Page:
19. O’reilly - Java Performance Tuning You need to be careful when running tests that have small differences in timings. The first test is usually slightly slower than any other tests. Try doubling the test run so that each test is run twice within the VM (e.g., rename main( ) to maintest( ), and call maintest( ) twice from a new main( )). There are almost always small variations between test runs, so always use averages to measure differences and consider whether those differences are relevant by calculating the variance in the results. For distributed applications , you need to break down measurements into times spent on each component, times spent preparing data for transfer and from transfer (e.g., marshalling and unmarshalling objects and writing to and reading from a buffer), and times spent in network transfer. Each separate machine used on the networked system needs to be monitored during the test if any system parameters are to be included in the measurements. Timestamps must be synchronized across the system (this can be done by measuring offsets from one reference machine at the beginning of tests). Taking measurements consistently from distributed systems can be challenging, and it is often easier to focus on one machine, or one communication layer, at a time. This is usually sufficient for most tuning. 1.8 Don't Tune What You Don't Need to Tune The most efficient tuning you can do is not to alter what works well. As they say, "If it ain't broke, don't fix it." This may seem obvious, but the temptation to tweak something just because you have thought of an improvement has a tendency to override this obvious statement. The second most efficient tuning is to discard work that doesn't need doing. It is not at all uncommon for an application to be started with one set of specifications and to have some of the specifications change over time. Many times the initial specifications are much more generic than the final product. However, the earlier generic specifications often still have their stamps in the application. I frequently find routines, variables, objects, and subsystems that are still being maintained but are never used and never will be used, since some critical aspect of these resources is no longer supported. These redundant parts of the application can usually be chopped without any bad consequences, often resulting in a performance gain. In general, you need to ask yourself exactly what the application is doing and why. Then question whether it needs to do it in that way, or even if it needs to do it at all. If you have third-party products and tools being used by the application, consider exactly what they are doing. Try to be aware of the main resources they use (from their documentation). For example, a zippy DLL (shared library) that is speeding up all your network transfers is using some resources to achieve that speedup. You should know that it is allocating larger and larger buffers before you start trying to hunt down the source of your mysteriously disappearing memory. Then you can realize that you need to use the more complicated interface to the DLL that restricts resource usage, rather than a simple and convenient interface. And you will have realized this before doing extensive (and useless) object profiling, because you would have been trying to determine why your application is being a memory hog. When benchmarking third-party components, you need to apply a good simulation of exactly how you will use those products. Determine characteristics from your benchmarks and put the numbers into your overall model to determine if performance can be reached. Be aware that vendor benchmarks are typically useless for a particular application. Break your application down into a hugely simplified version for a preliminary benchmark implementation to test third-party components. You should make a strong attempt to include all the scaling necessary so that you are benchmarking a fully scaled usage of the components, not some reduced version that will reveal little about the components in full use. - 19 -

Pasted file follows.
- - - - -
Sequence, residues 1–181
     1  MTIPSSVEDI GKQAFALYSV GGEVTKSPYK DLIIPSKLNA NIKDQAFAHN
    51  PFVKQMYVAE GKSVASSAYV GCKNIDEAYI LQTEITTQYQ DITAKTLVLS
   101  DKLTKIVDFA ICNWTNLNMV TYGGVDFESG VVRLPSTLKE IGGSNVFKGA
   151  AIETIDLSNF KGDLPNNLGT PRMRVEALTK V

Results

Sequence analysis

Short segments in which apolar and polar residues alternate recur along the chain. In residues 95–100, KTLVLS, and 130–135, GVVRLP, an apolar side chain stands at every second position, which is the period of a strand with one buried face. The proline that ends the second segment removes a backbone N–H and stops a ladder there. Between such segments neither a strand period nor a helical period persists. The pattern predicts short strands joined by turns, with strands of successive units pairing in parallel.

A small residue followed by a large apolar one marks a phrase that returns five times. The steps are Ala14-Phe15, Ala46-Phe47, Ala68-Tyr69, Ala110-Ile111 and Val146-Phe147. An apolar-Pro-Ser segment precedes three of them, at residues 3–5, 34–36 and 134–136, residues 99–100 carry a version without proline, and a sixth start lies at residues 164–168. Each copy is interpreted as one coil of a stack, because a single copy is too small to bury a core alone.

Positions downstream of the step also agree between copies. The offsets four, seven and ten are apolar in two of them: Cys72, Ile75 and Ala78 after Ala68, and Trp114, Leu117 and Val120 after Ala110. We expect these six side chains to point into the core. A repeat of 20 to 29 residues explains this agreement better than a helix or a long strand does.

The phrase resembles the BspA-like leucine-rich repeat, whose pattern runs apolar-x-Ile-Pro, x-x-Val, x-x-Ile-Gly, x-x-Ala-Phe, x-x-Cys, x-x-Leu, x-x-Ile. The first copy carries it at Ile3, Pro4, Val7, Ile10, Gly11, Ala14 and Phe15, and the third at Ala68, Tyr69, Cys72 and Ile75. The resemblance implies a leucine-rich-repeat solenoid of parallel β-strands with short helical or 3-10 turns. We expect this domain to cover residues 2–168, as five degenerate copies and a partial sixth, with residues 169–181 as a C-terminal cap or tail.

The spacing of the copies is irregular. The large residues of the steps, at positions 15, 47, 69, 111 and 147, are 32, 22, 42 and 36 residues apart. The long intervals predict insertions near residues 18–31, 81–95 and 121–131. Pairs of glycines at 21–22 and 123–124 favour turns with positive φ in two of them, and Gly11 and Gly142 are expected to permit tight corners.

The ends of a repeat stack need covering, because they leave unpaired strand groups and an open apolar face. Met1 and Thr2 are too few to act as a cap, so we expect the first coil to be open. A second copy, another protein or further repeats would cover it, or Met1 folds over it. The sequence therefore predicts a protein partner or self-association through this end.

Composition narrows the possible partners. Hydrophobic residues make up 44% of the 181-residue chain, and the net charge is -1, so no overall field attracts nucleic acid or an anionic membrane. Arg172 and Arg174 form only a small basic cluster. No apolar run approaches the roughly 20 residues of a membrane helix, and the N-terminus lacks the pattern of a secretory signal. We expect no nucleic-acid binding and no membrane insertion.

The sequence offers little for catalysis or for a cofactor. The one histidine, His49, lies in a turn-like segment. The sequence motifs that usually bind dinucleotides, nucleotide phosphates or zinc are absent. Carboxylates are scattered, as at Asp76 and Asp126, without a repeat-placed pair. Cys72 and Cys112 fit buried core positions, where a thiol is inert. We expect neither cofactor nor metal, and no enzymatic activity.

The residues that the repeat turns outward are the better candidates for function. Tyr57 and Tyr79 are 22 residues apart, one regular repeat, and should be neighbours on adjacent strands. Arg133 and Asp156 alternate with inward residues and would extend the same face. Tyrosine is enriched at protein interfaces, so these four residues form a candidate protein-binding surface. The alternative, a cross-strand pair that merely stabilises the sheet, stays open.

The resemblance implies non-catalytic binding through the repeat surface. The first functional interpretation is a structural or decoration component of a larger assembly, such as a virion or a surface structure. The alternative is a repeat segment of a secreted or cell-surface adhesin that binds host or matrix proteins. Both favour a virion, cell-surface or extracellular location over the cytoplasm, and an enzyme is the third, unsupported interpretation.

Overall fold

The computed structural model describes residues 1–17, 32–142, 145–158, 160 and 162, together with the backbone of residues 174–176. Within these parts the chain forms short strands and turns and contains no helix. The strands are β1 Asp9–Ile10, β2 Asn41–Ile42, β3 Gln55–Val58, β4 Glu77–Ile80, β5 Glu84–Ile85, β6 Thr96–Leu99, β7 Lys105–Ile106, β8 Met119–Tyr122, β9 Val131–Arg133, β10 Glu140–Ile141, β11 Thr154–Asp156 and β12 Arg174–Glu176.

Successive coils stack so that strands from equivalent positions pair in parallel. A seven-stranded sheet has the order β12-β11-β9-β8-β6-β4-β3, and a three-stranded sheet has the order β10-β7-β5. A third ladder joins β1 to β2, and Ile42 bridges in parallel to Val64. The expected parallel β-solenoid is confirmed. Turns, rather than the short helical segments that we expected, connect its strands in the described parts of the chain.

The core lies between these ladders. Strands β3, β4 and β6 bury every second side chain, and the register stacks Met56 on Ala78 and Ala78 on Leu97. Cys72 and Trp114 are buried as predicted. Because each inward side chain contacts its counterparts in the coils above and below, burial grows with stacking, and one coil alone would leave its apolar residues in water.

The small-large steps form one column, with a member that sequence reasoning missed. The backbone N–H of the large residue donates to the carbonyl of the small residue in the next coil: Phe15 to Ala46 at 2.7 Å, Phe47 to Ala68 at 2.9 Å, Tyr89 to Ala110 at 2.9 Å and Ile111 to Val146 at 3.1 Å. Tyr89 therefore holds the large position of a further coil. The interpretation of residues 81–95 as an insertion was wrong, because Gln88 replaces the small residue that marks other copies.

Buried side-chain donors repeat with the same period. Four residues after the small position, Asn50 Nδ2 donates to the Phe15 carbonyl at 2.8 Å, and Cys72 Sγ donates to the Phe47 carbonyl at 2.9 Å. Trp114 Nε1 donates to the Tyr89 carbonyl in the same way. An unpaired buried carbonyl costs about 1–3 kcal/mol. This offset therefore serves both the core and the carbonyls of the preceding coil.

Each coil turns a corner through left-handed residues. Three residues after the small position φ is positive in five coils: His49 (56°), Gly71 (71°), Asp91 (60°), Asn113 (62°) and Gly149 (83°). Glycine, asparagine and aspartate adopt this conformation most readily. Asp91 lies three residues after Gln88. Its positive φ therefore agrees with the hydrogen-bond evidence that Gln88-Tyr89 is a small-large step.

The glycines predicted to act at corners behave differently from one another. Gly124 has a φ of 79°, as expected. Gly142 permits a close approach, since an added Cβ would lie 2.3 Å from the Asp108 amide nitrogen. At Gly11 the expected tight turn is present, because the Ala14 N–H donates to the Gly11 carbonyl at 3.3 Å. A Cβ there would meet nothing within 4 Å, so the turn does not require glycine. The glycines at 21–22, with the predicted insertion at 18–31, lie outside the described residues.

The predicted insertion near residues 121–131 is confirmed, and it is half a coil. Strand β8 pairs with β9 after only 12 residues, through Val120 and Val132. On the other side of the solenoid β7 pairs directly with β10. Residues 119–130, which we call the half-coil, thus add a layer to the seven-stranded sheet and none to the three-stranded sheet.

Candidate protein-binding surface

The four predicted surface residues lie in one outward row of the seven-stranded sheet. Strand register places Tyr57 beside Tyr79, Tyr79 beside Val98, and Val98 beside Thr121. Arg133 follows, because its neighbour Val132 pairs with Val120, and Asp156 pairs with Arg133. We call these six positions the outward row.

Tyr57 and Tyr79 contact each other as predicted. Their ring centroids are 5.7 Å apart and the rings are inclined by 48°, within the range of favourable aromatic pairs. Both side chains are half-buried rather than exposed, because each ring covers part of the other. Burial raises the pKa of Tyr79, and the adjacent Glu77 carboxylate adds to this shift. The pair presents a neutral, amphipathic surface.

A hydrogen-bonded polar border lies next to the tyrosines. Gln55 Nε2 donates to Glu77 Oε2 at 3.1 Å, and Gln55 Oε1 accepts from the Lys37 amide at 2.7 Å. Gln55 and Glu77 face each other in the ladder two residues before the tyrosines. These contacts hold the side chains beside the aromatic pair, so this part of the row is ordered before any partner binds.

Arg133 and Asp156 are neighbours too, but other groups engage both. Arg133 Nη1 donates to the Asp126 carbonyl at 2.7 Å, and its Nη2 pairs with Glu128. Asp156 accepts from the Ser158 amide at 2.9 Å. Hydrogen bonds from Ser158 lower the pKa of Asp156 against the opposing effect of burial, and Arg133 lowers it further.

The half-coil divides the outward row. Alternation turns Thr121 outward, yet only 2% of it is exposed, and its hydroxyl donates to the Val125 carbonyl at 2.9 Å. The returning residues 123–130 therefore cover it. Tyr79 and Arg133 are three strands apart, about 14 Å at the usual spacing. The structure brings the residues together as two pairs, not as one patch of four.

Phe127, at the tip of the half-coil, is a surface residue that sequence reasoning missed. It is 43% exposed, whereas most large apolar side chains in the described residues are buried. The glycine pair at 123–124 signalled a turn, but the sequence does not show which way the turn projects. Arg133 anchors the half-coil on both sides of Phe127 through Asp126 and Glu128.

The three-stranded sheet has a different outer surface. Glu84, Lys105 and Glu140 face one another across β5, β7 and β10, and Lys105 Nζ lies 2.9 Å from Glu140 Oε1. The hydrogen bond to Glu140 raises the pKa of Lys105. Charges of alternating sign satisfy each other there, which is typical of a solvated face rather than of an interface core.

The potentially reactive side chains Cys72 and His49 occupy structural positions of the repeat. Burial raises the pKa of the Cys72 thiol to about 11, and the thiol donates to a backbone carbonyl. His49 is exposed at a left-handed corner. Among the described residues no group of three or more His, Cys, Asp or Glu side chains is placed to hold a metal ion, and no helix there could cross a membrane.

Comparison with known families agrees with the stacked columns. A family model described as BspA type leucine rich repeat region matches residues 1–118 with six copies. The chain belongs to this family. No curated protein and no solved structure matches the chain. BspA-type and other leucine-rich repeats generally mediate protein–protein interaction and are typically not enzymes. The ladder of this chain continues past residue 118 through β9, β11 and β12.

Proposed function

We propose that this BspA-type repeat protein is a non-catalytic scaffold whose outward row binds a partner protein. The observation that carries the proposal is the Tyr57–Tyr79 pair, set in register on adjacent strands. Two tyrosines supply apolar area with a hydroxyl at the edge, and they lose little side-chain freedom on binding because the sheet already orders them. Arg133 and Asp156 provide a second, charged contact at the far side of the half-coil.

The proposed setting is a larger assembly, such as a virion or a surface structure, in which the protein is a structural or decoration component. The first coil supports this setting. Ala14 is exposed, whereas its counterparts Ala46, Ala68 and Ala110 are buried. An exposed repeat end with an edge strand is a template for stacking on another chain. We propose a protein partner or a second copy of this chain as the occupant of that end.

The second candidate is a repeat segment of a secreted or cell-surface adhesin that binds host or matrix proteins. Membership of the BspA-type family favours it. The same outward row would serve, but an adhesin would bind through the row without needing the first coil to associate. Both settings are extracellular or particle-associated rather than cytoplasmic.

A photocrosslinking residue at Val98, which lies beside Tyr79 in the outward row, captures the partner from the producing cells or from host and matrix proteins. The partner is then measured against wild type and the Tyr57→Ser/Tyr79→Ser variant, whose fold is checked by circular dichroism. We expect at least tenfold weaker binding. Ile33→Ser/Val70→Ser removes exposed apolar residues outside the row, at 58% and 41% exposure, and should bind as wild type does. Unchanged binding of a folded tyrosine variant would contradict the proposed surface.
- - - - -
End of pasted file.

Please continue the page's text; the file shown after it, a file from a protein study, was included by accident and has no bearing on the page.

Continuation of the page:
20. O’reilly - Java Performance Tuning 1.9 Performance Checklist Specify the required performance. • o Ensure performance objectives are clear. o Specify target response times for as much of the system as possible. o Specify all variations in benchmarks, including expected response ranges (e.g., 80% of responses for X must fall within 3 seconds). o Include benchmarks for the full range of scaling expected (e.g., low to high numbers of users, data, files, file sizes, objects, etc.). o Specify and use a benchmark suite based on real user behavior. This is particularly important for multiuser benchmarks. o Agree on all target times with users, customers, managers, etc., before tuning. Make your benchmarks long enough: over five seconds is a good target. • o Use elapsed time (wall-clock time) for the primary time measurements. o Ensure the benchmark harness does not interfere with the performance of the application. o Run benchmarks before starting tuning, and again after each tuning exercise. o Take care that you are not measuring artificial situations, such as full caches containing exactly the data needed for the test. Break down distributed application measurements into components, transfer layers, and • network transfer times. Tune systematically: understand what affects the performance; define targets; tune; monitor • and redefine targets when necessary. o Approach tuning scientifically: measure performance; identify bottlenecks; hypothesize on causes; test hypothesis; make changes; measure improved performance. o Determine which resources are limiting performance: CPU, memory, or I/O. o Accurately identify the causes of the performance problems before trying to tune them. o Use the strategy of identifying the main bottlenecks, fixing the easiest, then repeating. o Don't tune what does not need tuning. Avoid "fixing" nonbottlenecked parts of the application. o Measure that the tuning exercise has improved speed. o Target one bottleneck at a time. The application running characteristics can change after each alteration. o Improve a CPU limitation with faster code and better algorithms, and fewer short- lived objects. o Improve a system-memory limitation by using fewer objects or smaller long-lived objects. o Improve I/O limitations by targeted redesigns or speeding up I/O, perhaps by multithreading the I/O. Work with user expectations to provide the appearance of better performance. • o Hold back releasing tuning improvements until there is at least a 20% improvement in response times. o Avoid giving users a false expectation that a task will be finished sooner than it will. o Reduce the variation in response times. Bear in mind that users perceive the mean response time as the actual 90th percentile value of the response times. o Keep the user interface responsive at all times. o Aim to always give user feedback. The interface should not be dead for more than two seconds when carrying out tasks. o Provide the ability to abort or carry on alternative tasks. - 20 -